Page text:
An ad for a Florida Suboxone doctor. Suboxone ads promising to “free” people from addiction crowd the back pages of city alternative weekly newspapers and are posted on signs across the hillsides of poor urban neighborhoods.

Here are her Suboxone doctor’s prescribing practices: she has a five-minute visit with him every two months—via Skype. (This is one of the “good” doctors—one of the ones who doesn’t charge exorbitant cash fees for twice-monthly visits.) And when she told her doctor she wanted to quit taking Suboxone, this physician told her that, if she wanted to quit , she would one day just “forget” to take it and then she would be done.

“I think he just doesn’t get it,” she said.

He’s never taken it, so he’s in this la-la land that people can come in with an addiction and take Suboxone, and boom—they’re cured.

She’s desperate to get off Suboxone, but she knows she can’t do it by herself. She looks back at her previous Percocet habit with longing and regret—withdrawal from that level would have been comparatively easy.

She recently had surgery, and the anesthesiologist and nurse told her that they’re seeing more and more OR patients on bup—it’s the new wave. … After her surgery she took 2 Percocet every 4-6 hours as directed, and within five days a devastating withdrawal descended upon her. She described it as a band of fire belted around her abdomen, along with all the other symptoms of withdrawal, magnified. She managed to abstain from Suboxone for almost two weeks, hoping she could stick it out—and it only got worse, despite taking 3-4 Percocet every 3 hours.

In the end she couldn’t hack it. Within half an hour of taking one strip, the belt of fire disappeared.

I told this woman that there are public health experts and media mouths who think she’s better off because she’s no longer doctor-shopping or significantly threatened with overdose. I asked, How would you respond to them?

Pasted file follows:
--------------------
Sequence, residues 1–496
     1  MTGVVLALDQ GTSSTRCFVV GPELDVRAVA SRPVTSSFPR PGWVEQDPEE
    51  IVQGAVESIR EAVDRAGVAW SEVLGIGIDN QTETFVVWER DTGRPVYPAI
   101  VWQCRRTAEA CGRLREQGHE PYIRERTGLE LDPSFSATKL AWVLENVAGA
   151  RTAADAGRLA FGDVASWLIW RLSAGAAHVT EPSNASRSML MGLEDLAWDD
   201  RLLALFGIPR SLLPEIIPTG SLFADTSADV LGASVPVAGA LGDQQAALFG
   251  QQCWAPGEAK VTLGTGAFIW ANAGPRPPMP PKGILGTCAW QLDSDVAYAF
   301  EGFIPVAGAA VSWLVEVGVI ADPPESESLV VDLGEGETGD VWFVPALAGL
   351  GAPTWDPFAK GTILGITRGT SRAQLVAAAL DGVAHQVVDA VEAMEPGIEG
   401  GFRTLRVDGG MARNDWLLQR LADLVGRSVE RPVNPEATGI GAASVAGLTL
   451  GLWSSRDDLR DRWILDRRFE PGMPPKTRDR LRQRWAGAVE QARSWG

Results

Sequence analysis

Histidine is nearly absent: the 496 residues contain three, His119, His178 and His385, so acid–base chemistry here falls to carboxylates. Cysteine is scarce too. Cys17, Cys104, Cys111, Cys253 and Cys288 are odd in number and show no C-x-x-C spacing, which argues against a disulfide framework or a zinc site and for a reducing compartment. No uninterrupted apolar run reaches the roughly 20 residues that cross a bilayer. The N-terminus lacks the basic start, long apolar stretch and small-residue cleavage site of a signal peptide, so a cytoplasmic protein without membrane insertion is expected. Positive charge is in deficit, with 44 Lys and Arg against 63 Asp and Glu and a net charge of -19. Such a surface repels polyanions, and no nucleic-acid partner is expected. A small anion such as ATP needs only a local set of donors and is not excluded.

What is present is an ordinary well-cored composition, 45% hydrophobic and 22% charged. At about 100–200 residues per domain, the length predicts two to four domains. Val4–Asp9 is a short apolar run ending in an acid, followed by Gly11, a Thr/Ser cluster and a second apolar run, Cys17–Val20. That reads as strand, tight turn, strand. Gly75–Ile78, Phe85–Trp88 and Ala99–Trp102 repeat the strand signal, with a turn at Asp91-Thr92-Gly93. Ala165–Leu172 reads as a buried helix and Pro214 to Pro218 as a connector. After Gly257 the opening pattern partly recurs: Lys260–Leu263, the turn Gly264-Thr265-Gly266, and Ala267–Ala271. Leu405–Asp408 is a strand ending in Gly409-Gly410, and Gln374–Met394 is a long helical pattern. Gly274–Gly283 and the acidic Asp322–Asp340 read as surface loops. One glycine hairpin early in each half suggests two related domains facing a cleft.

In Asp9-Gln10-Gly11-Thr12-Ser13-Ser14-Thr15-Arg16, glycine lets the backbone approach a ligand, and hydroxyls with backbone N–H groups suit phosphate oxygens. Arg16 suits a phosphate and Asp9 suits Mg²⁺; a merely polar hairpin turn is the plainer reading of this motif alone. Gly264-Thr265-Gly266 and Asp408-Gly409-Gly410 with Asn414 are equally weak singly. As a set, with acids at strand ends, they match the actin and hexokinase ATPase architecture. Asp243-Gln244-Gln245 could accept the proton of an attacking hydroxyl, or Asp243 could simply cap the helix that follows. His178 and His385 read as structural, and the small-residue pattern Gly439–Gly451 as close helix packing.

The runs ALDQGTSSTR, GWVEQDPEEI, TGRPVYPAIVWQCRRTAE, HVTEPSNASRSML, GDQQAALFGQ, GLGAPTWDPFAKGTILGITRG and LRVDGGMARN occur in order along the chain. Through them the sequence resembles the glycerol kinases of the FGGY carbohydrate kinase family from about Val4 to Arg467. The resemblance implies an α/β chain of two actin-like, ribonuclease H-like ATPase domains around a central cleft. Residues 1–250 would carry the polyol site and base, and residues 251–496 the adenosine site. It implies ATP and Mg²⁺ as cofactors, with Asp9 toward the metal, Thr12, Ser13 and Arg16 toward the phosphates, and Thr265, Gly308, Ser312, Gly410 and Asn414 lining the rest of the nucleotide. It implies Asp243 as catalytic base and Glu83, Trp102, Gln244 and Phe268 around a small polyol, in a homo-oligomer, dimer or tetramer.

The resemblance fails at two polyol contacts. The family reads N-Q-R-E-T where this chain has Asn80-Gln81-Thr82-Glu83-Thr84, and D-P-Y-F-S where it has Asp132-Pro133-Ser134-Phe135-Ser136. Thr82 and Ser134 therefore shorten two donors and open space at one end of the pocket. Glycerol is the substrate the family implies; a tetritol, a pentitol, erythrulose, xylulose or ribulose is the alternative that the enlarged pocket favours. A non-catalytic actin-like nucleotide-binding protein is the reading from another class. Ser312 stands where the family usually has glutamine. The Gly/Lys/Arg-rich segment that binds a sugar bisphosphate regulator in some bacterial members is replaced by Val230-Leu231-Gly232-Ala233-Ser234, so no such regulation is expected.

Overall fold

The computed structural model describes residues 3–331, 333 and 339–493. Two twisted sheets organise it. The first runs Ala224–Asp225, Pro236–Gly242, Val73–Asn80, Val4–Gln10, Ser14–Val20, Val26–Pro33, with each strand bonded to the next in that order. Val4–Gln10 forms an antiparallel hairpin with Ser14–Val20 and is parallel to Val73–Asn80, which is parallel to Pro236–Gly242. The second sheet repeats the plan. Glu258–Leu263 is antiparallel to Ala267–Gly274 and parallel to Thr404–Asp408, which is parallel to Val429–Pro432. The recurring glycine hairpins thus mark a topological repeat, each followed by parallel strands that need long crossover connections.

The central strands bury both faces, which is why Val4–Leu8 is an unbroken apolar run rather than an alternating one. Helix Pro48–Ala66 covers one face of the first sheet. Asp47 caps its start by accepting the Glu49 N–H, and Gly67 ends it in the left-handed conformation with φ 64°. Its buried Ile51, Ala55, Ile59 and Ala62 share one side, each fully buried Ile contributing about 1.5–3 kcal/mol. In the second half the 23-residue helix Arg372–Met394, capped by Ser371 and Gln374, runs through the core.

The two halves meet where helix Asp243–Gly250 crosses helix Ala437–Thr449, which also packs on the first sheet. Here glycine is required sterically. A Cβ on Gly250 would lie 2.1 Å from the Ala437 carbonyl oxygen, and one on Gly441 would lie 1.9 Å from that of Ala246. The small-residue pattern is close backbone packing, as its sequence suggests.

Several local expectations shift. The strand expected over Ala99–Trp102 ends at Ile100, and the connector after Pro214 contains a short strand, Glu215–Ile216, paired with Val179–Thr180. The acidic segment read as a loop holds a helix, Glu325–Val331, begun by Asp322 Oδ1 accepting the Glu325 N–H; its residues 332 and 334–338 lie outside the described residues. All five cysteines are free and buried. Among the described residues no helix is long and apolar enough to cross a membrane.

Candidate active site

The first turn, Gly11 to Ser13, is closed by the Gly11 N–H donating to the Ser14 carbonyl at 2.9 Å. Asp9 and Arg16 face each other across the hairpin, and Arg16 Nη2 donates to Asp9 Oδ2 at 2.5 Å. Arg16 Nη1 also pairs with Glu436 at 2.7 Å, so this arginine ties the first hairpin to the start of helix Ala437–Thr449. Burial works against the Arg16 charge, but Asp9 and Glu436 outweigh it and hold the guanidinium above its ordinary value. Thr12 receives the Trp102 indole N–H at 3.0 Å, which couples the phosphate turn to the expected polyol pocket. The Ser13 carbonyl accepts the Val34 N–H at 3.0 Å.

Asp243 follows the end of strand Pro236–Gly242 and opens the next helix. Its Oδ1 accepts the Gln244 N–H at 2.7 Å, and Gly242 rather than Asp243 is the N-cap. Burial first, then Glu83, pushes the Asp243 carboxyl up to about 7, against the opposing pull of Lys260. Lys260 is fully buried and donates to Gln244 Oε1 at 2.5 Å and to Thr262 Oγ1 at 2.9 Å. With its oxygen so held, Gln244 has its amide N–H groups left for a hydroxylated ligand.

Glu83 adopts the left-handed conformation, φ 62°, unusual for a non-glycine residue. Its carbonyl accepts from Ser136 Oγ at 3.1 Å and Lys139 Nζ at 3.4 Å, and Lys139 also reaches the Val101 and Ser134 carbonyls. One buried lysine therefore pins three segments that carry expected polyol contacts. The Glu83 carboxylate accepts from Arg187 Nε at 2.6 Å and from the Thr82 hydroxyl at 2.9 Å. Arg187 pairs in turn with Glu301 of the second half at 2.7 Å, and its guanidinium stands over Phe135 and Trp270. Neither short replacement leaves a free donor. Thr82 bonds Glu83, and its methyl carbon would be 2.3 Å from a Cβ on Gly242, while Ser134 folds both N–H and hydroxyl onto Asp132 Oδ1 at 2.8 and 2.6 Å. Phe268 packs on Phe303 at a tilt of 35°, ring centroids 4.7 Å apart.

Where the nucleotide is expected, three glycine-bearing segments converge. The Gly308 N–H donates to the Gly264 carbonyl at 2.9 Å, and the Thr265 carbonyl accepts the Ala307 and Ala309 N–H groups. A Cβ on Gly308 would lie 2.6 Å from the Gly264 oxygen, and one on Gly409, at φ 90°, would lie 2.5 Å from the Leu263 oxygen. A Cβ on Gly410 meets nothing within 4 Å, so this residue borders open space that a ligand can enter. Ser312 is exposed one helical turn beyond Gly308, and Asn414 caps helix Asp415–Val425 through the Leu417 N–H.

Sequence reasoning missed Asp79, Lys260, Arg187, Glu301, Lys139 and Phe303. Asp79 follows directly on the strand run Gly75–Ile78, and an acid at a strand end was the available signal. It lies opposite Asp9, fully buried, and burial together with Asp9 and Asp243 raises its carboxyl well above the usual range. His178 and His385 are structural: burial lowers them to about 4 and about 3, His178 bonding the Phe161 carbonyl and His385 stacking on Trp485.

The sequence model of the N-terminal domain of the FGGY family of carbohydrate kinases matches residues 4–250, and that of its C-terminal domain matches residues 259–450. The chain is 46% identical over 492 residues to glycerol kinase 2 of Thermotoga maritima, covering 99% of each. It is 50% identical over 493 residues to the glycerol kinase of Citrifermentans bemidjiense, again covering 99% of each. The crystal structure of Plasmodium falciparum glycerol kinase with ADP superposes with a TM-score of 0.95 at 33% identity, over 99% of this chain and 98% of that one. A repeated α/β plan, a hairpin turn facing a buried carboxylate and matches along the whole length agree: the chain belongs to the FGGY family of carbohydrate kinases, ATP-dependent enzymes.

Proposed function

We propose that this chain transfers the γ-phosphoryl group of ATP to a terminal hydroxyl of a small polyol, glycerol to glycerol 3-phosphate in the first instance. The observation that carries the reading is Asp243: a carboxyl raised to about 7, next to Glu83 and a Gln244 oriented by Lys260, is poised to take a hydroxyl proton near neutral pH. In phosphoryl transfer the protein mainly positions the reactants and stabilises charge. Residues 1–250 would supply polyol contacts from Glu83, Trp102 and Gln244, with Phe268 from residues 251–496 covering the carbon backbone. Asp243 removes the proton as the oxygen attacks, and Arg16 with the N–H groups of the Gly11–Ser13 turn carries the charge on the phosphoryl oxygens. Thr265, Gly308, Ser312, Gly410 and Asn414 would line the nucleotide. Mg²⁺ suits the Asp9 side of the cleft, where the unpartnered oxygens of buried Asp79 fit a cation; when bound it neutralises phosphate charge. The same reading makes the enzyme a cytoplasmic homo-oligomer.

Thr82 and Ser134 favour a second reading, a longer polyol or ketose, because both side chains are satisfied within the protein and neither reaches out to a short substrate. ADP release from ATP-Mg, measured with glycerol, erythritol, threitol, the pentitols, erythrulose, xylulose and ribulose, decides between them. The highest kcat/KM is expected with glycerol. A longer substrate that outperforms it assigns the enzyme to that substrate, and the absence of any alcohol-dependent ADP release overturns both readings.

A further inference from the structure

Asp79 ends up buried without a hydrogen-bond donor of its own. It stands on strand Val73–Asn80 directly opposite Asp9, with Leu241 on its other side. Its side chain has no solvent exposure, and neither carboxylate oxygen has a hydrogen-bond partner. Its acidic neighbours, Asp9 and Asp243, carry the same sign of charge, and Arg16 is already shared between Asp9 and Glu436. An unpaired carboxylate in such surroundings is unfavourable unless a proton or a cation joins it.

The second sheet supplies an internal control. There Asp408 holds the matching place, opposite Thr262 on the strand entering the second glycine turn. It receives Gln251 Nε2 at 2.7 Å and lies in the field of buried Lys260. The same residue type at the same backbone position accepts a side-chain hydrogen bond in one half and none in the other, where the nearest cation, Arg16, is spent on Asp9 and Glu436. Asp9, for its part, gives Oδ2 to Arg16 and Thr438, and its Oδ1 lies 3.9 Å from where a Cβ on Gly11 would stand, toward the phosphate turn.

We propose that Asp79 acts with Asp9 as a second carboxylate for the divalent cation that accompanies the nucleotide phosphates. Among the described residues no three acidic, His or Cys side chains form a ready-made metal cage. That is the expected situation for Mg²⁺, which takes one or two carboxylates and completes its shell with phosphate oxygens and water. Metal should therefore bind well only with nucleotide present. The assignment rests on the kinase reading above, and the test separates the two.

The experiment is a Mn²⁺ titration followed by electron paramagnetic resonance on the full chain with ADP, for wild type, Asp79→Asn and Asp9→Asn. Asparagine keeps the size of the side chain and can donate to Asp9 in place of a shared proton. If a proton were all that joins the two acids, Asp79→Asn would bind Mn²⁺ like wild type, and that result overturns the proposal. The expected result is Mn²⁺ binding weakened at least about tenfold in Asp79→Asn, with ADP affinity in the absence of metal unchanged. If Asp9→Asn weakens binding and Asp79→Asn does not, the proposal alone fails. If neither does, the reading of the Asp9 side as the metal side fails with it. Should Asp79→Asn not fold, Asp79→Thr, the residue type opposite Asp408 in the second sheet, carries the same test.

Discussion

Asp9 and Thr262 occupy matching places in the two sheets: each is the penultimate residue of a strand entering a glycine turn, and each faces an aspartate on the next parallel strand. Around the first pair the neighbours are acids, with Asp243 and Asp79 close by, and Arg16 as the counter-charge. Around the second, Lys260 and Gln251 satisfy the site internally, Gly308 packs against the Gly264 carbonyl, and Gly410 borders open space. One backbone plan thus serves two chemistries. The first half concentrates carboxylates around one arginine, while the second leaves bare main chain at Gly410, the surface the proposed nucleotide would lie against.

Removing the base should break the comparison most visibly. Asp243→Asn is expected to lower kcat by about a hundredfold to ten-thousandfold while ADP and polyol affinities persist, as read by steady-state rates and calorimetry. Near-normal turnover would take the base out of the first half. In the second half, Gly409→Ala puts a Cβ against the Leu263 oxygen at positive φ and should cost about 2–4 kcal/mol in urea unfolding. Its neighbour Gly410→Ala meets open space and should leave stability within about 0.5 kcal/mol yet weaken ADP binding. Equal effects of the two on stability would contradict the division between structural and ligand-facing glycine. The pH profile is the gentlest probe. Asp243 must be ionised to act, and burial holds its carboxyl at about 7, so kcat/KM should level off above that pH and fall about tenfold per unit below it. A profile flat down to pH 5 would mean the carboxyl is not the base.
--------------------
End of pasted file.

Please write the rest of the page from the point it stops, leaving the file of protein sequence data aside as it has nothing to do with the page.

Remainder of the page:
“I’ve lost my freedom to choose,” she said.

I’ve lost my personality. I’m more quiet and withdrawn. I feel like part of me is dead. And I’m a slave to it. I have to have it. I’ve lost the ability to say no.

A woman caught in a system that doesn’t let her say no. Don’t we call that “rape,” or “coercion”?

Suboxone revenues, 2005-2011. A curve generally thought of as "exponential."

Suboxone revenues, 2005-2011. A curve generally thought of as “exponential.”

And, please, Jason, let’s talk about the money. Reckitt Benckiser pulled in $1.4 billion from Suboxone products in 2012. A Harvard researcher who is looking at American Suboxone prescribing and reimbursement tells me much of it is paid by Medicaid.

So, though my middle-class, employed, insured source gets her Suboxone through Cigna, and though her doctor does not accept Medicaid or other public assistance, taxpayers—you—are indeed underwriting a great deal of this system.

It’s mostly poor people who are trapped on this drug.

Reckitt and Titan (who is developing the implants—the ones recently rejected by the FDA for not delivering enough drug to to the patient) see Oxy and Vike junkies, along with heroin addicts, as a deep mine of insurance and taxpayer revenue, just as Purdue saw pain patients—potential OxyContin buyers—10 years ago.

And, finally, let’s talk about how “people can’t abuse Suboxone.”


A melted Suboxone film, ready for injection.


People can and do abuse Suboxone.

Red Bull And Radical Self-Acceptance.

Sincere thanks to everyone who has written in asking where in the sam hill G has been. WTF, G?? A month without a blog post? Where the hell are you? You are my sunshine, etc.